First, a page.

Attorneys for the state respond that the classification or reclassification of sex offenders, and any appeal arising from that process, does not invoke an offender’s substantive constitutional right to legal counsel because such proceedings are civil rather than criminal in nature.  They point out that the issue Chojnacki has raised on appeal is not whether his reclassification was constitutional, but rather the narrow issue of whether the denial of appointed counsel in a S.B. 10 appeal proceeding is immediately appealable, or must wait for appellate review until the trial court has ruled on the underlying appeal of the reclassification.

Contacts
Sarah M. Schregardus, 614.466.5394, for Roman Chojnacki.

Christopher P. Conomy, 614.728.9474, for the state and Warren County prosecutor’s office.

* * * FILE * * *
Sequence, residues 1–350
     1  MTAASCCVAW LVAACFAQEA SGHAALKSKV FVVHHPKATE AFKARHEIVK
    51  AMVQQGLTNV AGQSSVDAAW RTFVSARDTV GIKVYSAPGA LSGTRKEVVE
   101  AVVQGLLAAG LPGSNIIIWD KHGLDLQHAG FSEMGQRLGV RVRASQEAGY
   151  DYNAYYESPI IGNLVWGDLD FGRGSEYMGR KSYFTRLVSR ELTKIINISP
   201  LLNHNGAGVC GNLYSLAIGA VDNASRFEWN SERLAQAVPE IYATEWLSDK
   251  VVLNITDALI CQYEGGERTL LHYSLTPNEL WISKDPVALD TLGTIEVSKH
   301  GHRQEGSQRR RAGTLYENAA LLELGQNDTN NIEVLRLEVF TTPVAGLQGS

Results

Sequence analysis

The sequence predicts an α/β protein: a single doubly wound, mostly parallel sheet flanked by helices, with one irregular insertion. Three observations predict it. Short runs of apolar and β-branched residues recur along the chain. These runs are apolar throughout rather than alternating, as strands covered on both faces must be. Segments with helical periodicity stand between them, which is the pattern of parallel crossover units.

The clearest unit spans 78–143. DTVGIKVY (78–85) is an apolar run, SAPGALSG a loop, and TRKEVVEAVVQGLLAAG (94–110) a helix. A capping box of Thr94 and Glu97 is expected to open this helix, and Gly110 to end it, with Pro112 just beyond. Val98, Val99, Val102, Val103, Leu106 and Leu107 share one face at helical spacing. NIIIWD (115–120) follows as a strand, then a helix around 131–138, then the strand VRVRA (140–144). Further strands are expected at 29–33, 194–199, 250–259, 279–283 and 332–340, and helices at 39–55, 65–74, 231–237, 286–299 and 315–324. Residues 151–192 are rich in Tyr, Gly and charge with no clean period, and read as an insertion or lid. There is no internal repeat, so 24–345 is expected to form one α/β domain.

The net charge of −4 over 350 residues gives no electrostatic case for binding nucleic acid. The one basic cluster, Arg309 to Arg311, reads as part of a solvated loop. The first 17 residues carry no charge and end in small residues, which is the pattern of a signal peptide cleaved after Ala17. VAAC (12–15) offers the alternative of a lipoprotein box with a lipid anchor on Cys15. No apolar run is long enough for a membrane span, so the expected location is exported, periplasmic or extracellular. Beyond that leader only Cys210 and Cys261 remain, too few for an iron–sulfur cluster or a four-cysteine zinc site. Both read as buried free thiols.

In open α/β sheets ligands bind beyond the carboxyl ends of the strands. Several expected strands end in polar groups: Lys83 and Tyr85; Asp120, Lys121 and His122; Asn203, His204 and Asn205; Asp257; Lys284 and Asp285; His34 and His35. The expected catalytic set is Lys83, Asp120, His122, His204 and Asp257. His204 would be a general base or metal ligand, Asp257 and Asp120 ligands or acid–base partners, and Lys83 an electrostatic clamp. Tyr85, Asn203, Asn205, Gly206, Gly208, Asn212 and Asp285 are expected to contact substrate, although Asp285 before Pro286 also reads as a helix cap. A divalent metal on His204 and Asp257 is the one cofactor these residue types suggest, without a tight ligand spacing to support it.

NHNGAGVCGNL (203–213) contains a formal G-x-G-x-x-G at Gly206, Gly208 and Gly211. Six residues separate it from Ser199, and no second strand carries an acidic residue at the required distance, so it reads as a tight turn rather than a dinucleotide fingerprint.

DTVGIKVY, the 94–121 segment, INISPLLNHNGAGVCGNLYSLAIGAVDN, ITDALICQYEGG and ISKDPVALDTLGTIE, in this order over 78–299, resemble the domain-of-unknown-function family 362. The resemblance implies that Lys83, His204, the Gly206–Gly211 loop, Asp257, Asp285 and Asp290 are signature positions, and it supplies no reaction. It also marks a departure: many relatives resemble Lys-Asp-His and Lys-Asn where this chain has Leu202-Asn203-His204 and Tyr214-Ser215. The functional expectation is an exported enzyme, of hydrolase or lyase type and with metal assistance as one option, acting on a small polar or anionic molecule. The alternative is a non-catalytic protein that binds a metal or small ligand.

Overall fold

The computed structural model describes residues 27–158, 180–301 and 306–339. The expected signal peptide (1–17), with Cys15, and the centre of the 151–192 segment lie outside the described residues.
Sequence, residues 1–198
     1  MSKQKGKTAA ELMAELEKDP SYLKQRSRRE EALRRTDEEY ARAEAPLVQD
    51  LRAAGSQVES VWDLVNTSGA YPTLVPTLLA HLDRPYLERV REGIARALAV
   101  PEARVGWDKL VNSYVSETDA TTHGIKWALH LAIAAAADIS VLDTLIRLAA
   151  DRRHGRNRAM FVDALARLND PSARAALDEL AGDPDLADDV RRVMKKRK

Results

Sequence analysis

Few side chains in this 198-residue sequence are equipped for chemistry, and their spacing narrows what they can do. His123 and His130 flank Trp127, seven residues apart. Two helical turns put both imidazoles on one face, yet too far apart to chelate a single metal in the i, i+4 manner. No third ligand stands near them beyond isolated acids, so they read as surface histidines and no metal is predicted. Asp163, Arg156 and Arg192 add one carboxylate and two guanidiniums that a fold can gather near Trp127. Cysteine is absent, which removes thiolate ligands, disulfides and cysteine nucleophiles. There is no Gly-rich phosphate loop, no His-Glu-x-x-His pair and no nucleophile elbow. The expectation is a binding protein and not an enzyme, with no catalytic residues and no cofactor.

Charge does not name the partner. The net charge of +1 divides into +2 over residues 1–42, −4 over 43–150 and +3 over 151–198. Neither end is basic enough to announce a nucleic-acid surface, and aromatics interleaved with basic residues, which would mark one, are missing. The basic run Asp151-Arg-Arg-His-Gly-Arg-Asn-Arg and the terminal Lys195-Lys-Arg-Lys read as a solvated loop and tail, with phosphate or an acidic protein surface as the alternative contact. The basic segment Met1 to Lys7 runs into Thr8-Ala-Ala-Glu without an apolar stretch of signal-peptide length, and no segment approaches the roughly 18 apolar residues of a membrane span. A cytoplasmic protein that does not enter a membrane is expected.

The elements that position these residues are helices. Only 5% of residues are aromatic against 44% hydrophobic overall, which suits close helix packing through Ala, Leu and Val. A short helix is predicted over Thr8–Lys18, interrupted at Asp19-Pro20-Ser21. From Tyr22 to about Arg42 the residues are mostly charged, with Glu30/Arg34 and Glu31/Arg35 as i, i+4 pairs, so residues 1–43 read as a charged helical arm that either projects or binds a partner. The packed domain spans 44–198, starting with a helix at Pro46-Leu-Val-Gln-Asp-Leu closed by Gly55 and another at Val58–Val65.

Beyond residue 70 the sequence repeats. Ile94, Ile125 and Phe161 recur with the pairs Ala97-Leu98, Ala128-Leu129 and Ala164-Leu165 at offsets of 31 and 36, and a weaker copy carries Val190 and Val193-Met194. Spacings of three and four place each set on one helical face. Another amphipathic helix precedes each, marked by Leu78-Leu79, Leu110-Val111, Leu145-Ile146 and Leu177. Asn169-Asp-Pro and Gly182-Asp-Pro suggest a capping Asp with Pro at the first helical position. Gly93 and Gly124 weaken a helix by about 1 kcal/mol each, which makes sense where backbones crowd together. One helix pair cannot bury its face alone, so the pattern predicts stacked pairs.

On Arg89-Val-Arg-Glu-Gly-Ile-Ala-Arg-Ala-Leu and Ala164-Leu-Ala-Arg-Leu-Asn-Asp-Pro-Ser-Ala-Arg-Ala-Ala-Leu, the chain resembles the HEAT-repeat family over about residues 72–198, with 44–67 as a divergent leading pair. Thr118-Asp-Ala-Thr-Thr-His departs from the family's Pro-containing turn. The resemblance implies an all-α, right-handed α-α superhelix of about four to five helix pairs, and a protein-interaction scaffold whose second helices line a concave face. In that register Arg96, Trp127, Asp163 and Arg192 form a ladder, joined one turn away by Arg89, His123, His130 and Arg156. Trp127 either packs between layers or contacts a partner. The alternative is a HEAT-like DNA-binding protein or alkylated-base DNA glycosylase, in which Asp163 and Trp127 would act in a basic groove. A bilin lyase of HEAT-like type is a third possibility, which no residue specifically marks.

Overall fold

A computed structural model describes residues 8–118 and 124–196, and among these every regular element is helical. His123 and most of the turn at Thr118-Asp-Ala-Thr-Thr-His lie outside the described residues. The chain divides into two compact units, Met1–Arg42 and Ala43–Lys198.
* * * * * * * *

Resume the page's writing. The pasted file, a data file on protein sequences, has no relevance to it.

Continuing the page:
Return to top

May Court Impose Costs in Sentencing Entry When Costs Not Mentioned at Time Sentence Pronounced?

State of Ohio v. Richard E. Joseph, Case nos. 2008-0711 and 2008-1005
3rd District Court of Appeals (Allen County)

ISSUE: When a trial court judge fails to include an assessment of court costs against a defendant at the time sentence is pronounced with the defendant in the courtroom, may the court later validly impose costs by including them in its entry journalizing the defendant’s sentence?

BACKGROUND: Richard Joseph was convicted of aggravated murder and sentenced to death in 1991.  Following extended state and federal appeal proceedings, his conviction was affirmed but his death sentence was set aside by a federal district court in 2004. The district court ordered that he be resentenced to a term of life imprisonment with eligibility for parole after 20 years. That ruling was subsequently affirmed by the U.S. Sixth Circuit Court of Appeals.